>Emergency Incident Management and Enterprise Architecture

>

When a disaster or emergency strikes, who is in charge—federal, state, local, or tribal authorities? Police, fire, rescue, medical services, public works, environmental response professionals? Who has jurisdiction? How is incident response coordinated?

“The National Response Framework (NRF) presents the guiding principles that enable all response partners to prepare for and provide a unified national response to disasters and emergencies. It establishes a comprehensive, national, all-hazards approach to domestic incident re

  • describes how communities, tribes, states, the federal government, private-sectors, and nongovernmental partners work together to coordinate national response;
  • describes specific authorities and best practices for managing incidents; and
  • builds upon the National Incident Management System (NIMS), which provides a consistent template for managing incidents.” (http://www.dhs.gov/)

National Incident Management System:

  • While most emergency situations are handled locally, when there’s a major incident help may be needed from other jurisdictions, the state and the federal government. NIMS was developed so responders from different jurisdictions and disciplines can work together better to respond to natural disasters and emergencies, including acts of terrorism. NIMS benefits include a unified approach to incident management; standard command and management structures; and emphasis on preparedness, mutual aid and resource management.” (http://www.fema.gov/)

Government Technology’s Emergency Management Magazine, Spring 2008, reports that “only willing partners coming to the table, treated as equals, will prove effective in establishing a national standard for incident response.”

Why are there so many issues in coordinating incident response?

  1. Miscommunication—“the ideal scenario is that everyone uses the same system and terminology when responding, which allows disparate agencies to come together quickly and avoid miscommunication when confusion ultimately rules—during disasters.”
  2. Jurisdictional egos—“Jurisdictional egos can become involved, along with personal history and interagency ‘baggage.’…it can be messy at best, especially as leaders emerge, each wanting to highlight their agency’s accomplishments and not be superseded by another.”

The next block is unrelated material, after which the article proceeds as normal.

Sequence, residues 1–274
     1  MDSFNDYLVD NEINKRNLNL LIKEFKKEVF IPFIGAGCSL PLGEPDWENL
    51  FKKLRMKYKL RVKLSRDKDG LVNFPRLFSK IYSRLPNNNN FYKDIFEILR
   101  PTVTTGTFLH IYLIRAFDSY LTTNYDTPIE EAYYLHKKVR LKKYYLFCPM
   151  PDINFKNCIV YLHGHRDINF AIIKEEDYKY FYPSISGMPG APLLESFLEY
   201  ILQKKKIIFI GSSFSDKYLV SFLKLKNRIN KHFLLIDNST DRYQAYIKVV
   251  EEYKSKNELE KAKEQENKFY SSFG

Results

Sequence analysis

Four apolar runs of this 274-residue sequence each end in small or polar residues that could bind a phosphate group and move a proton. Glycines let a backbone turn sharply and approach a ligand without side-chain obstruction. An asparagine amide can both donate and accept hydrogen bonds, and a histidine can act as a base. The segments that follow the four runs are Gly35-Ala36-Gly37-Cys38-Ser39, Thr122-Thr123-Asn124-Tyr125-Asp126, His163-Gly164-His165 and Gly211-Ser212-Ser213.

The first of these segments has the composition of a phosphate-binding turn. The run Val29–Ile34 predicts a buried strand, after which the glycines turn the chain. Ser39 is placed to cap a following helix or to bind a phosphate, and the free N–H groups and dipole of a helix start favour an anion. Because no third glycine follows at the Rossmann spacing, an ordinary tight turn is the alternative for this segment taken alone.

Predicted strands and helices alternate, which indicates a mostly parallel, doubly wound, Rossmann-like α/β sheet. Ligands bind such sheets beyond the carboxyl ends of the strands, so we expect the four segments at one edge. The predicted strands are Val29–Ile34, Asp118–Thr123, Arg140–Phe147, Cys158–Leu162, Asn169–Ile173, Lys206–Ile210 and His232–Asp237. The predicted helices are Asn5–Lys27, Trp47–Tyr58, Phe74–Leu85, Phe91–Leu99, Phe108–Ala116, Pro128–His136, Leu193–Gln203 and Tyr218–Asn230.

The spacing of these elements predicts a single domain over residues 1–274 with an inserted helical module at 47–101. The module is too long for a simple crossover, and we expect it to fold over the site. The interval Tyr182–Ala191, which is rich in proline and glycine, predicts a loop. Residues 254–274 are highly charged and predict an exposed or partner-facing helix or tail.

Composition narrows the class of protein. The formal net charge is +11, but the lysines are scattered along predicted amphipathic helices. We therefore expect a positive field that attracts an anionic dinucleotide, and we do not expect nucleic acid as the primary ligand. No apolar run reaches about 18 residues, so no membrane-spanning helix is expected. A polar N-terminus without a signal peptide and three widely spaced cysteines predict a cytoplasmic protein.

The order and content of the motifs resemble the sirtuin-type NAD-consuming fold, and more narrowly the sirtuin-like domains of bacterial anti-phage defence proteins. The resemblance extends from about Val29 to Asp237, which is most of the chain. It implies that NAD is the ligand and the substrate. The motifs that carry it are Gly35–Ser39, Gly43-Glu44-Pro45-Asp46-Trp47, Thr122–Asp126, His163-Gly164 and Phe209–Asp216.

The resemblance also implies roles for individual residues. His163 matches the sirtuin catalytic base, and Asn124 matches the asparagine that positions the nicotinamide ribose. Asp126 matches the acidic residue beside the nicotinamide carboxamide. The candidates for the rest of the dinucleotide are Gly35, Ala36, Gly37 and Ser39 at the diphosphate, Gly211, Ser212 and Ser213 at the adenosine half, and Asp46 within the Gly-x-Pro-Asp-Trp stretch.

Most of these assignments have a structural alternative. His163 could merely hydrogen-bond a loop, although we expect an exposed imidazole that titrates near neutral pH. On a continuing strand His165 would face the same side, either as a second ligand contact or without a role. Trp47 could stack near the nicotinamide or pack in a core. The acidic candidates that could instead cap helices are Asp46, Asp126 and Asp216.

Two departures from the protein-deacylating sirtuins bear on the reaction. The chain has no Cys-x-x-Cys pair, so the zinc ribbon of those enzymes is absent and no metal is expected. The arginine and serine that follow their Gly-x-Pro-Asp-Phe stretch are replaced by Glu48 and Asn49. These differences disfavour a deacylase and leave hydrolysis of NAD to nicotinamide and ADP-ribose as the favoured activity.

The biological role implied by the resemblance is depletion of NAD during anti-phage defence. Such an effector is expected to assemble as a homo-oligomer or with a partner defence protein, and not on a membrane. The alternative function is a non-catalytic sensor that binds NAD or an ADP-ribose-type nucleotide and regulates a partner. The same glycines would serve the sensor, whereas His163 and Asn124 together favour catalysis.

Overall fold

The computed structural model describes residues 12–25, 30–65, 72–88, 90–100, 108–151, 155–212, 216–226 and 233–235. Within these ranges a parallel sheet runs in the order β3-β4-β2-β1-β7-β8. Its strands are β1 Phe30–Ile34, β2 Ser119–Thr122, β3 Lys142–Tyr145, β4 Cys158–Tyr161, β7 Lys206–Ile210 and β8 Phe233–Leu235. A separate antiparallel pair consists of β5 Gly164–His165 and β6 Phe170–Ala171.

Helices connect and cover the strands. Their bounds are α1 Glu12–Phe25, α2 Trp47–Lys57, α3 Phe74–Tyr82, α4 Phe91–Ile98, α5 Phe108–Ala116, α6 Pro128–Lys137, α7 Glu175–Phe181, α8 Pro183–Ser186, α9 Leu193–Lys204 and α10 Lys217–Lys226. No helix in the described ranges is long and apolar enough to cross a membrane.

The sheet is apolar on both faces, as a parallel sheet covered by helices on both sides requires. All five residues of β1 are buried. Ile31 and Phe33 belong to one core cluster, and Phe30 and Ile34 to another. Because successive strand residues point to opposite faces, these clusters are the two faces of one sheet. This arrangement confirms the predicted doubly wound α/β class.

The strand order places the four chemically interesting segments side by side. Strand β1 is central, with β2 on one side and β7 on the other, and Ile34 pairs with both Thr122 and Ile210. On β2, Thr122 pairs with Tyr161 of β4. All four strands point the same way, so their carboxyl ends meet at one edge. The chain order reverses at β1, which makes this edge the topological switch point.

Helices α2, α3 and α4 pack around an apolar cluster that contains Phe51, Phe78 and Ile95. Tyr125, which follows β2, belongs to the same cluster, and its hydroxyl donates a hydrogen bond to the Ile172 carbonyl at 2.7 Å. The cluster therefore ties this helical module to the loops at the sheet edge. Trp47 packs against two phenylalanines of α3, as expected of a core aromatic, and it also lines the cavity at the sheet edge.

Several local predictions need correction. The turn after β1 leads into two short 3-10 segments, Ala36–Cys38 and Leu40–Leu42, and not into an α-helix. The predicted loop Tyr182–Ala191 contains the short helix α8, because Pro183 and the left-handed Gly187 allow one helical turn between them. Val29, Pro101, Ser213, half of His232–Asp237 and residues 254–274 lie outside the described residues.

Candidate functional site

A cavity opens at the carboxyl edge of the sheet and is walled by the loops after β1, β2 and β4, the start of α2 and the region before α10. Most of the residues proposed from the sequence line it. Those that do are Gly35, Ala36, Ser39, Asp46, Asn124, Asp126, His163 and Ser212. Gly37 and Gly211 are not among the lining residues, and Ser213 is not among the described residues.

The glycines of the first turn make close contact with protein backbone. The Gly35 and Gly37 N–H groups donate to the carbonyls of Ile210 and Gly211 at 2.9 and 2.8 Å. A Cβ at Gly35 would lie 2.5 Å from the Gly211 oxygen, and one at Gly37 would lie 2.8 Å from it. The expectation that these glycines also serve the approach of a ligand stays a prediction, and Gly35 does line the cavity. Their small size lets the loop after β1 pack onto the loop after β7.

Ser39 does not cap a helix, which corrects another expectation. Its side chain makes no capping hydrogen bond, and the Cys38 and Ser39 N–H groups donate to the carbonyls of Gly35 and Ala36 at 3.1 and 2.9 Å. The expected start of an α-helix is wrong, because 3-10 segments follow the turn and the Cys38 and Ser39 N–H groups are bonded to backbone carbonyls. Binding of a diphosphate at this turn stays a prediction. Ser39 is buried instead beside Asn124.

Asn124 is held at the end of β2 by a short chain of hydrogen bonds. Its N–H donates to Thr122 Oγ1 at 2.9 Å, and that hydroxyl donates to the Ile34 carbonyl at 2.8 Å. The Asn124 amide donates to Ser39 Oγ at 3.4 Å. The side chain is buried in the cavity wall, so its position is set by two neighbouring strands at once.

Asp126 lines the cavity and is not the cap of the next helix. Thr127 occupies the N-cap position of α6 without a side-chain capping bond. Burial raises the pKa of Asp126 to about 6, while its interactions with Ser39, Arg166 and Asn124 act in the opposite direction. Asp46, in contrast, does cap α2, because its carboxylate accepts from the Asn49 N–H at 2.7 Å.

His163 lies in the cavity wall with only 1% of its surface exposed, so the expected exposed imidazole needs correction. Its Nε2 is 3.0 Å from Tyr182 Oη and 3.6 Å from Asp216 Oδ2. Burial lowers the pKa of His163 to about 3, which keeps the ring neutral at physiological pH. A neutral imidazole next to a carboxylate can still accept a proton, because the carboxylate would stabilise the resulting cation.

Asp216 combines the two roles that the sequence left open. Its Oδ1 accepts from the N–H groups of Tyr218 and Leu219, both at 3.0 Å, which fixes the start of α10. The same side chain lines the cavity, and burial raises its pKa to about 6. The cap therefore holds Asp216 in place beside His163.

3. Lack of interagency and cross-jurisdictional training—“We need joint training, planning and exercises with all potential partners if we’re ever going to fix the issue of unified command…[additionally, there is a] lack of practice in how, in larger, cross-jurisdictional responses, the elected officials aren’t used to working in tandem with other jurisdictions during emergencies.
  4. Subordination is not in the law—“It is not in our nature and governance for one jurisdiction to subordinate itself to another, especially in crisis. As such, the solution will need to be the establishment of mechanisms that allow for joint action via a coordinated response.”

As a citizen, I frankly do not care about responders’ terminology, egos, training, or distaste for subordination—when there is a true crisis, I (like I believe any sane person) wants help to come, come quick, and come effectively. I want lives saved and property safeguarded.

From an enterprise architecture perspective, I acknowledge the challenge that we face in coordinating incident response among a broad spectrum of stakeholders and emergency response experts. However, at the same time, I cannot help but marvel at the current federated system of emergency response. I believe that emergency response needs to mature to one where there is absolute crystal clear chain of command and a solid, unified approach to dealing with disaster. All necessary and appropriate resources need to be brought to bear to help people in disaster and a coordinated response is a must.

Certainly, while there are technical issues in establishing common data standards, mechanisms for information exchange, interoperable systems, and securing these, it seems that the biggest issue is cultural. People and agencies are continuing to function in a siloed mentality despite the clear need for a unified approach to dealing with disasters as well as with the large, complex, and global problems that we face. I believe that this only underscores the need for “enterprise architecture” and that it is becoming more and more obvious that each of us doing our own thing is not going to enable us to solve the great issues of this century.

One response to “>Emergency Incident Management and Enterprise Architecture

  1. >In our state, Fire is the designated top dog for all emergencies to which they are called. (Until several days go by and the Fed's come in to muddy the waters.) In our little locale the reason seems clear – we are accustomed to doing the greatest variety of work, have an existing chain of command (ICS), use SIMPLE CLEAR terms, and we learned a long time ago to leave our egos in the barn when lives are at stake. I'm tired of pontification at the national level and the endless creation of extraneous terminology. Can't you enterprise architects get with the program and KISS? (keep it simple, silly)

Leave a Reply

Fill in your details below or click an icon to log in:

WordPress.com Logo

You are commenting using your WordPress.com account. Log Out /  Change )

Google photo

You are commenting using your Google account. Log Out /  Change )

Twitter picture

You are commenting using your Twitter account. Log Out /  Change )

Facebook photo

You are commenting using your Facebook account. Log Out /  Change )

Connecting to %s